[2]-------------------------------------------------------------
From:           Pat Dolan <This email address is being protected from spambots. You need JavaScript enabled to view it.>
Date:           Friday, 19 Jan 2001 14:32:36 -0600
Subject: 12.0119 Hamlet's Family
Comment:        RE: SHK 12.0119 Hamlet's Family

>I am reading Professor Stone's book Family, Sex and Marriage, as a
>reference for my thesis. After reflecting on his discussion of the
>family structure, Hamlet's family seems very unusual for Shakespeare's
>England.

I've read in a couple of history articles (and I believe) that Stone
ought to be used with caution, especially by literary types. Maybe
widening your reading in social history will help with this problem.
Maybe some of those up on the historical literature will be able to
supply specific suggestions.

Patrick

Re: Polonius Clan

The Shakespeare Conference: SHK 12.0123  Sunday, 21 January 2001

[1]     From:   Edward Pixley <This email address is being protected from spambots. You need JavaScript enabled to view it.>
        Date:   Tuesday, 16 Jan 2001 09:59:17 -0500
        Subj:   Re: SHK 12.0068 Re: Kent (now the Polonius clan)

[2]     From:   Brian Haylett <This email address is being protected from spambots. You need JavaScript enabled to view it.>
        Date:   Friday, 19 Jan 2001 16:48:31 +0000
        Subj:   Re: SHK 12.0104 Re: Polonius Clan


[1]-----------------------------------------------------------------
From:           Edward Pixley <This email address is being protected from spambots. You need JavaScript enabled to view it.>
Date:           Tuesday, 16 Jan 2001 09:59:17 -0500
Subject: 12.0068 Re: Kent (now the Polonius clan)
Comment:        Re: SHK 12.0068 Re: Kent (now the Polonius clan)

Paul Doniger wrote:

>This is the first opportunity we have to see
>how skilled and serious an advisor Polonius actually is (I have really
>gotten exceedingly tired of seeing Polonius played as a one-dimensional
>buffoon) , and it is important that we pay attention to what he is
>telling his son. The "endless proverbs" are actually quite true and
>useful, and the actor playing Laertes needs to listen to it attentively.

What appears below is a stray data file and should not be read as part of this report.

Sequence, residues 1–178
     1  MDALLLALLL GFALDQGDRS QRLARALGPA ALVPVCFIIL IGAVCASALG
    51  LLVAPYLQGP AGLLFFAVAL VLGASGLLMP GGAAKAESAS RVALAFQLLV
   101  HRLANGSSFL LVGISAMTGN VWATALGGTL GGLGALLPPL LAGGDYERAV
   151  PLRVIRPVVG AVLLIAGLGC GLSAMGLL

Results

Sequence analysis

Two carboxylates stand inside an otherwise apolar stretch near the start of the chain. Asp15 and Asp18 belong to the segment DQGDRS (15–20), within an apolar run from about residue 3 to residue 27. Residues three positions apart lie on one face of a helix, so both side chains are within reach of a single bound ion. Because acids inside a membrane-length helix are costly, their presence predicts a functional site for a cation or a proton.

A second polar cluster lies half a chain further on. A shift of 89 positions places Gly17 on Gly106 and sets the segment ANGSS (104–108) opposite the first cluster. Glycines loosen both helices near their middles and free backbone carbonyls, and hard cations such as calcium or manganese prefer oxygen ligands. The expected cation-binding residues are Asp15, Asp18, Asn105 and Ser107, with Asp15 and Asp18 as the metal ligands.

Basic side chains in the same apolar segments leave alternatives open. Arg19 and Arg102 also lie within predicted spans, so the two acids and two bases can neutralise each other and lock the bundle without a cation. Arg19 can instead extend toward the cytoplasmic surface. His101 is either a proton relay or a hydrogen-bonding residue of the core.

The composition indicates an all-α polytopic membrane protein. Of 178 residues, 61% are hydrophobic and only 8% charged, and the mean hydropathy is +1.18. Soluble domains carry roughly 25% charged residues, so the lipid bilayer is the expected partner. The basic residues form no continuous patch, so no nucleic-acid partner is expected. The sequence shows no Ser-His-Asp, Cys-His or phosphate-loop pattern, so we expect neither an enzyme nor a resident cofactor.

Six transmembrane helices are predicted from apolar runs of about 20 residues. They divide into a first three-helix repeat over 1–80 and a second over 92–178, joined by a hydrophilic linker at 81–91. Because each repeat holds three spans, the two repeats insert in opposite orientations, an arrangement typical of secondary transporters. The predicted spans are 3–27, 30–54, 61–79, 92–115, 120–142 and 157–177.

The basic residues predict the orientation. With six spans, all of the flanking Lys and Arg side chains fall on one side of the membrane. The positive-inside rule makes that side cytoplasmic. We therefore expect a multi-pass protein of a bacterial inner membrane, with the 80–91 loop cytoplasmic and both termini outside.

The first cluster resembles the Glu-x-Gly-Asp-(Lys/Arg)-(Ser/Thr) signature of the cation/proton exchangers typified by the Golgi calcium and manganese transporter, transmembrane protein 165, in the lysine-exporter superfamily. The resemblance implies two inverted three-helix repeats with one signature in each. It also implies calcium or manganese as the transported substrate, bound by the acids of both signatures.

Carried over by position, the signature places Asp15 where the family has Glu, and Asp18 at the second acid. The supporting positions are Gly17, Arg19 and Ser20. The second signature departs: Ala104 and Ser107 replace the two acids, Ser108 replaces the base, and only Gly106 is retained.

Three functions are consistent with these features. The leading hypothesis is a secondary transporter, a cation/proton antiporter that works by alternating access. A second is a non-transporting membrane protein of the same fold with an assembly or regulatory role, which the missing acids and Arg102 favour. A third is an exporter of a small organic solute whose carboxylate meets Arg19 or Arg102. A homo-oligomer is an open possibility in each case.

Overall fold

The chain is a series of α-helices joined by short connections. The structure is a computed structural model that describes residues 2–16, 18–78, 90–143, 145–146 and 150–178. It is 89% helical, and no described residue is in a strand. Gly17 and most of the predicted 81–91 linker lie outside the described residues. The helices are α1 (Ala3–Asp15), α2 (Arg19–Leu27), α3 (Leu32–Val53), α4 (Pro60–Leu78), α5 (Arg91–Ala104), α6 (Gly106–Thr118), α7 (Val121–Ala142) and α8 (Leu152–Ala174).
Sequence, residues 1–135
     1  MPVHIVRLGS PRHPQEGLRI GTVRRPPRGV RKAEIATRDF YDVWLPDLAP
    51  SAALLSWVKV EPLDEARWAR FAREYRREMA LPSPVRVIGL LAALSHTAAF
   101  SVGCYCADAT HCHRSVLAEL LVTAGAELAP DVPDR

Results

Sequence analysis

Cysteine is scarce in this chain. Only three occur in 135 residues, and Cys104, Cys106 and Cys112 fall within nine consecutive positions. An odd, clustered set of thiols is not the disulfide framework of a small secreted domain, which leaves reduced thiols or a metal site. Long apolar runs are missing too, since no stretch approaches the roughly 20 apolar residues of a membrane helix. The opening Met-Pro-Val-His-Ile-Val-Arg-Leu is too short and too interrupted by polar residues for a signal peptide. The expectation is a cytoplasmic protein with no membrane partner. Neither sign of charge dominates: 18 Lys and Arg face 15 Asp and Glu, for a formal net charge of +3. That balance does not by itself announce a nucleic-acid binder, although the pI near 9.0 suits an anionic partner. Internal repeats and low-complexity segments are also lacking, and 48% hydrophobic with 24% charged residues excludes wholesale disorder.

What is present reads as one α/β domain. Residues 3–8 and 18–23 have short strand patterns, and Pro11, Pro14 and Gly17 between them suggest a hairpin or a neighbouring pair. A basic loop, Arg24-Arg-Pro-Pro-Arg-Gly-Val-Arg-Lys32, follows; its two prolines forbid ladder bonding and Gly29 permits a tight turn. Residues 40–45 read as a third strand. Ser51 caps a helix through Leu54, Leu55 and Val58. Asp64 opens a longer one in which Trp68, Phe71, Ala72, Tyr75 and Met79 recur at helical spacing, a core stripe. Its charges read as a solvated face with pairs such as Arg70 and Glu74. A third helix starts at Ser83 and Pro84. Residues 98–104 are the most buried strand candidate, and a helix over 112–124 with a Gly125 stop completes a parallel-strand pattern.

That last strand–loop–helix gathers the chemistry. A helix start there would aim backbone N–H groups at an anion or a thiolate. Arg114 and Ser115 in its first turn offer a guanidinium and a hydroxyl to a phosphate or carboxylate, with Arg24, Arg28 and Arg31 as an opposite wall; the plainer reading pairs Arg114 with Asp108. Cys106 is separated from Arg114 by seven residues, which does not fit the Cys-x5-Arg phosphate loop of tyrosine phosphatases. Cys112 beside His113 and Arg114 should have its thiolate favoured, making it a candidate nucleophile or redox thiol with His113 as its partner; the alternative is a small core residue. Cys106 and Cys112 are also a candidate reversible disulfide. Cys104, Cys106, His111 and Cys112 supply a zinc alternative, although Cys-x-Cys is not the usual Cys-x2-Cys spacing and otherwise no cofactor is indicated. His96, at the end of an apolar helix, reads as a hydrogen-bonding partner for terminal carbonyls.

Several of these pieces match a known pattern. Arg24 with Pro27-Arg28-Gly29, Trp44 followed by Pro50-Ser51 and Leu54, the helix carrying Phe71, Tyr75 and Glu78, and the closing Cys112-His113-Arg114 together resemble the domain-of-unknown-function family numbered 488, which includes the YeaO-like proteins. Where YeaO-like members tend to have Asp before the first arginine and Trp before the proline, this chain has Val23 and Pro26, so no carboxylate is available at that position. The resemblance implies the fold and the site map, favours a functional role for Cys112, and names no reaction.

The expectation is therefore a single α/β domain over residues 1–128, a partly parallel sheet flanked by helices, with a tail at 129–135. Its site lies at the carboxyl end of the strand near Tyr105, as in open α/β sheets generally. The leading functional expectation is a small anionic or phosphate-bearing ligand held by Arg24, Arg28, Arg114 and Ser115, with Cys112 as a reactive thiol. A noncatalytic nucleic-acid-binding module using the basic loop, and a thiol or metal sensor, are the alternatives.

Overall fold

>Does anybody have any thoughts about this?

I have mixed feelings about what you've stated.

1. Certainly the proverbs are quite true, but, as you say, they are also
quite "endless," as though Polonius is trying to squeeze a lifetime of
advice into one speech, and, for this reason, lend themselves to
treatment that is less than respectful.

2. I question whether Laertes should be all that attentive to the advice
itself, since there is no evidence that he follows the advice.  In fact,
when Polonius later sends Reynaldo to Paris to spy on his son, he seems
to assume every likelihood that Laertes is not following his advice.

3. More importantly, the climactic bit of advice, "This above all, to
thine own self be true, and it shall follow as the night the day . . .
," is a piece of advice that Laertes does not follow, a failure that
results in his undoing, and for which he has to beg Hamlet's forgiveness
as he is dying.

4. But I fully agree that whatever comic byplay occurs must not
interfere with the audience's hearing the advice.  They must at least be
able to form their own judgments as to its wisdom and they must, above
all, hear that final bit of advice, but then the poet has, "above all,"
pointed it by placement and syntax to give it special emphasis.

Ed Pixley

[2]-------------------------------------------------------------
From:           Brian Haylett <This email address is being protected from spambots. You need JavaScript enabled to view it.>
Date:           Friday, 19 Jan 2001 16:48:31 +0000
Subject: 12.0104 Re: Polonius Clan
Comment:        Re: SHK 12.0104 Re: Polonius Clan

>Paul Doniger is right that "the 'endless proverbs' are actually quite
>true and useful,"

I would say they defy global categorization as true or false. 'To thine
own self be true', for instance, is a staple of various philosophies
down the ages, but 'Neither a borrower nor a lender be' seems cynical
and 'Costly thy habit' a flat contradiction of the Sermon on the Mount -
remember the lilies of the field.

Brian Haylett